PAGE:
There were a number of movies in the 1980s that tried to successfully sell a premise plunging lead characters into a world where nightmares and reality blurred together. It's not hard to think why, considering that Freddy Krueger was the slasher icon who came along in time to rule the decade. Unsurprisingly, none of these movies could equal A Nightmare On Elm Street, but some did better than others. Dream Demon is one of the others.
The basic plot here concerns Diana (Jemma Redgrave), a young woman about to get married to a young celebrated military hero, Oliver (Mark Greenstreet). The wedding has many interested, especially two horrible paparazzi types (played by Jimmy Nail and Timothy Spall), and Diana's mind is a messy mix of stress and fever dreams, with her nightmares bleeding into reality. She also encounters a young woman, Jenny (Kathleen Wilhoite), who ends up being pulled into all of the madness.
Directed by Harley Cokeliss, credited here as Harley Cokliss, Dream Demon may be a strange film, but it's nestled nicely in a filmography that includes such varied treats as The Glitterball (1977 Children's Film Foundation movie) and the John Carpenter-written Black Moon Rising. Cokeliss also co-wrote the screenplay with Christopher Wicking, a genre veteran also responsible for a few of the later Hammer movies. The emphasis throughout is on atmosphere, which would be fine if Cokeliss and co. didn't think that every dream felt like you were wandering through a Meatloaf video.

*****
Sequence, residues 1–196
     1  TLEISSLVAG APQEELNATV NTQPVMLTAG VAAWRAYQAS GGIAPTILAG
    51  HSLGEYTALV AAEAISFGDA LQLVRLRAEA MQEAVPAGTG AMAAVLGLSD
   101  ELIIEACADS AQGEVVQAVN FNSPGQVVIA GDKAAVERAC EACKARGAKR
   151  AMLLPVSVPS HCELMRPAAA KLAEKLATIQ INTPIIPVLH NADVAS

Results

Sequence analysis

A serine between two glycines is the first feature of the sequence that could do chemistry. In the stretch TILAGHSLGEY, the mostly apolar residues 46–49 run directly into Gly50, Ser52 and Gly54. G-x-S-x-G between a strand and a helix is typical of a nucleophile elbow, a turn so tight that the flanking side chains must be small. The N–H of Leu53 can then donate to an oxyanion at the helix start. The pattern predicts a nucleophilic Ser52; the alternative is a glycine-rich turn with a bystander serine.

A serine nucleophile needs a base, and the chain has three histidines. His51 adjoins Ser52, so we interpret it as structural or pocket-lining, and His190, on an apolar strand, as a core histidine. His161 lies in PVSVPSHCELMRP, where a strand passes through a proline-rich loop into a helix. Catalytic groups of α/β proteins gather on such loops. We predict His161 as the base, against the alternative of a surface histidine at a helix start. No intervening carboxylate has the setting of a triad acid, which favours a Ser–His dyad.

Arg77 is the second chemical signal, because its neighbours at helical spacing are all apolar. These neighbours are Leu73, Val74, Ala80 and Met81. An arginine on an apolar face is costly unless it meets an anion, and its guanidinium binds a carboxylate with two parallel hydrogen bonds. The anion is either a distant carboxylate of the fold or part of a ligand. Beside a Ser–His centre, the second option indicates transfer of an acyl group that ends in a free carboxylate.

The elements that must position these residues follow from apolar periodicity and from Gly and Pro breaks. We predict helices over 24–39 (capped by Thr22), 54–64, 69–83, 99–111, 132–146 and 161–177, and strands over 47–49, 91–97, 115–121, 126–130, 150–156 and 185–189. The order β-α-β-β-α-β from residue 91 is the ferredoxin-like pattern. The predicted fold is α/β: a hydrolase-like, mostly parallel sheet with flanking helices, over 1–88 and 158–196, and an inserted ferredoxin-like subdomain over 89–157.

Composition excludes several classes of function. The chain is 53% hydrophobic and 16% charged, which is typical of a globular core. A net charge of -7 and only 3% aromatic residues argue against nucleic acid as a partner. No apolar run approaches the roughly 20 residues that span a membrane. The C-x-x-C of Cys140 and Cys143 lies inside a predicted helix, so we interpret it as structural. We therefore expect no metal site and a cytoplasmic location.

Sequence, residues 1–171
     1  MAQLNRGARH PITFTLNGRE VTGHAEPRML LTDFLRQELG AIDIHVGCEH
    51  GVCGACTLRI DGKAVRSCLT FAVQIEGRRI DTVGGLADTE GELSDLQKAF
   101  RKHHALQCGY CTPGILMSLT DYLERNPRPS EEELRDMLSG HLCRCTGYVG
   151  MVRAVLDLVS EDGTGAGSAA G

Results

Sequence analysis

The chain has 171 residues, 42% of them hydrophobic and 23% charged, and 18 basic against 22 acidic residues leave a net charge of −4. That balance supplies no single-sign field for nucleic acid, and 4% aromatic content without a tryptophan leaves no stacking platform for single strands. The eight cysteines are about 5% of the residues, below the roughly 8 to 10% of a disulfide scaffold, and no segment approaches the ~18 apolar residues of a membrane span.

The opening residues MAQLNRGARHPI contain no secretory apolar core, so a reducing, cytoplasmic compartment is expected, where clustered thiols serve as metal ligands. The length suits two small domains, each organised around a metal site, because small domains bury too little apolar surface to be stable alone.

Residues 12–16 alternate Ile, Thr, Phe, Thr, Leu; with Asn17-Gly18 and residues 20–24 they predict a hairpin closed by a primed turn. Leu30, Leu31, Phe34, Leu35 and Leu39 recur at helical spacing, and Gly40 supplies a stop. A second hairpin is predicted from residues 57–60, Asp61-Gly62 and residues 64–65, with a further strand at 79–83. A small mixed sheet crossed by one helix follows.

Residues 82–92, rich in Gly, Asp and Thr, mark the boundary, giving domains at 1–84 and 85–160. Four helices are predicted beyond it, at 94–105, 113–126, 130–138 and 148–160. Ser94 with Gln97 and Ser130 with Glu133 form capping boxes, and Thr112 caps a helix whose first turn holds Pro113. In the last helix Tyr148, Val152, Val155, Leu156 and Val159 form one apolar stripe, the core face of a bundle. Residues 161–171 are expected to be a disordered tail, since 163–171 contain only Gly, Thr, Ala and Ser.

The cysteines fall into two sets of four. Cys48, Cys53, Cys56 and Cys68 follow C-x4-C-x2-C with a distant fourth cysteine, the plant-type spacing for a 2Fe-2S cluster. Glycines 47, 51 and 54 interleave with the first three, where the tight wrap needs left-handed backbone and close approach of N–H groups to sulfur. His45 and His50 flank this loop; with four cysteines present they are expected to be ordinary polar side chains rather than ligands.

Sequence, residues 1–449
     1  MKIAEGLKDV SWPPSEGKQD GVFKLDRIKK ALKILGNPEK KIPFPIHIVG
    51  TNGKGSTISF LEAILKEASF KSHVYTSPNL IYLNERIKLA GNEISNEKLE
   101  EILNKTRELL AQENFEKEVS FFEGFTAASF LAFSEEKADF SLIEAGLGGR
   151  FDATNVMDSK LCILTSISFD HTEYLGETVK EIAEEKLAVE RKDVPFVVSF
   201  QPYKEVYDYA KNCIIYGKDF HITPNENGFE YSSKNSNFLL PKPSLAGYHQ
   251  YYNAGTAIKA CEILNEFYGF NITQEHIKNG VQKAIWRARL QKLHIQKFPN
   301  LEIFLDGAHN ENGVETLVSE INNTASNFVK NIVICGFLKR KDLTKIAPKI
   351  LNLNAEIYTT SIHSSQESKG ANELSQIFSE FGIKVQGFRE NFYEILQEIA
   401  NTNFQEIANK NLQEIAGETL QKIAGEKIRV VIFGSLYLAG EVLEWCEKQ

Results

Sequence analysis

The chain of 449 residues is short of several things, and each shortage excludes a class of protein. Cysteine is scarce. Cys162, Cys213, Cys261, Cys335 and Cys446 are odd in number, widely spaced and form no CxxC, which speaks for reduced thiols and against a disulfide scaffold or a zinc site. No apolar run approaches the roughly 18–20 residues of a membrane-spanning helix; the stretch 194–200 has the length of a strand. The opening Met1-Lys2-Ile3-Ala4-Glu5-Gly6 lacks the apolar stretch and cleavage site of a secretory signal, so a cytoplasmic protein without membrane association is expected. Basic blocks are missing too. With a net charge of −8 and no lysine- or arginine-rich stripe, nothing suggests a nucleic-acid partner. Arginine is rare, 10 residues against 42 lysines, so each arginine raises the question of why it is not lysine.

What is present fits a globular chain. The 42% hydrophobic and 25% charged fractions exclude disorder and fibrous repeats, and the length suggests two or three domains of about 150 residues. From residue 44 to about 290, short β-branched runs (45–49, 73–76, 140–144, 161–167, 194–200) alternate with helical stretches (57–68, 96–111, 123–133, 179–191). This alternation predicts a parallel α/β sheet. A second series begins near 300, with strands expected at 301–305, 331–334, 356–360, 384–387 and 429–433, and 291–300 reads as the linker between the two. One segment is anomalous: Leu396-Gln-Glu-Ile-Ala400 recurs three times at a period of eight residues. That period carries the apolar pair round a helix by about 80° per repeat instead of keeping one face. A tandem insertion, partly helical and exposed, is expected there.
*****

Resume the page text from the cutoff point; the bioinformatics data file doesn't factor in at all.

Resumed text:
Redgrave does okay in the lead role, following the direction that asks her to look scared and/or a bit out of sorts, and Wilhoite brings some welcome energy when she enters the storyline. Greenstreet is essentially there to be an unworthy potential spouse, and both Spall and Nail are pretty over the top from their very first scene, pestering Redgrave in their normal guise before becoming main elements of her panic-filled nightmares.
Although you can see everyone involved trying their hardest to sell this, Dream Demon just never works that well. The nightmares don't really delve enough into the potential surrealism and strangeness, the main characters aren't really that interesting, even as you learn more during the third act, and nothing here is actually scary. In fact, the best moments look as if the crew have found some old sets from Hellraiser (just the areas that are shown behind the walls) and quickly grabbed some footage while they could.
I can't really say that it's ultimately worth your time, yet I found it fascinating as I watched it all unfold. It's an oddity, and oddities are always at least more interesting than, well, . . . non-oddities.